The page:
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Crypto crash prompts founders to exodus

Kraken has appointed a new CEO after founder and current CEO Jesse Powell resigned two days ago, with Powell citing a desire to devote more time to the exchange’s products as the main reason for vacating his position. Powell will continue to serve as Kraken’s CEO, while current COO Dave Ripley will become the new CEO.

Powell’s move from the CEO role alone might not be a headline news, although reports suggest his move has something to do with certain political controversies the 42-year-old has been fueling recently. However, the transition also follows a series of similar departures from other founders and CEOs within the cryptocurrency sector, with Genesis’ Michael Moro, MicroStrategy’s Michael Saylor and Alameda Research’s Sam Trabucco also resigning in recent weeks.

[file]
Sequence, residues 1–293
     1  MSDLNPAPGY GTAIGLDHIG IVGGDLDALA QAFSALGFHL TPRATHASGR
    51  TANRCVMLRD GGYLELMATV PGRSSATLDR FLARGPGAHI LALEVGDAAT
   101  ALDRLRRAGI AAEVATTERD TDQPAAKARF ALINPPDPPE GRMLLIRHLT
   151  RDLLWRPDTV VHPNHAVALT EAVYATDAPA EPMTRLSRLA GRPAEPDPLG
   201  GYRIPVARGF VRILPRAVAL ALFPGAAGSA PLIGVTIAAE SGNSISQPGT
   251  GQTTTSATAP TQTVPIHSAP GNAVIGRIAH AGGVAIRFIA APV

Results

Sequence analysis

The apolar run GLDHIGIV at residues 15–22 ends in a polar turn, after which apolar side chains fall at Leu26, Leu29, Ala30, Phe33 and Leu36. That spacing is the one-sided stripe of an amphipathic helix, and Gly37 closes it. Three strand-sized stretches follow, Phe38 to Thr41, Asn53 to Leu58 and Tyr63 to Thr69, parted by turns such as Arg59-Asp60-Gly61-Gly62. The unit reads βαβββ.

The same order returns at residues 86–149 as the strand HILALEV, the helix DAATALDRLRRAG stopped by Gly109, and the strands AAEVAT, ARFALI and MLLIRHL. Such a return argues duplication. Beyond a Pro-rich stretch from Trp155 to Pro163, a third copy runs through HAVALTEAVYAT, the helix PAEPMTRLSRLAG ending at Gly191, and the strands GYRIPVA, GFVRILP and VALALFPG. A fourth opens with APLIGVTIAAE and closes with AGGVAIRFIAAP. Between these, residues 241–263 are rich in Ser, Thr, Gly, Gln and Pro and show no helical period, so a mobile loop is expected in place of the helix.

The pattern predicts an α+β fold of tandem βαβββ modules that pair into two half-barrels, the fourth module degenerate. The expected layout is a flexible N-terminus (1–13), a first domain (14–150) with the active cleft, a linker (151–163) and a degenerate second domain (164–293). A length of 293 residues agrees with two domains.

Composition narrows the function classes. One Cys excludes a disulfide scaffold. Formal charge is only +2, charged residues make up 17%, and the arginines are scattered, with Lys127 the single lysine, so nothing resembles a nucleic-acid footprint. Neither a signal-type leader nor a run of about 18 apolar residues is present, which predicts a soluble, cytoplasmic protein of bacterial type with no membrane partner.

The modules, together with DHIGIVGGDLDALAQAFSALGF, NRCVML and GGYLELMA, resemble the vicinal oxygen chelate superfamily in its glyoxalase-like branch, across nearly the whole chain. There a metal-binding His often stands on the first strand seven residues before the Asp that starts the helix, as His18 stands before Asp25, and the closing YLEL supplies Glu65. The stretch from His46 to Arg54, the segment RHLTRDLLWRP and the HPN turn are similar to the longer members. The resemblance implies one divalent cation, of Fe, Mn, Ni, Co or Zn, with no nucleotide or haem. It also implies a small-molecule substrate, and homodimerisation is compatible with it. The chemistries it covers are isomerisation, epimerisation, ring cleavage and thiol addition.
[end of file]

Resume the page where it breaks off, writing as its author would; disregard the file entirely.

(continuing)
Such exits, combined with an ongoing bear market and depressed cryptocurrency prices, suggest the industry is currently going through some kind of crisis, potentially threatening the companies such founders are leaving behind. However, that would be a hasty judgement, because even if some available data suggests that founder departures are bad for companies, recent departures can just as easily be cited as a sign that an industry is evolving, maturing and moving forward.

Kraken’s Jesse Powell Joins a Growing List of Founder-CEO Departures in Crypto

Jesse Powell of Kraken commented on his decision to step down as CEO, stating that he wanted to switch roles within the exchange rather than leave them behind altogether.

“As the company has grown, it has become more and more stressful and less fun for me,” he said in a video interview on Tuesday.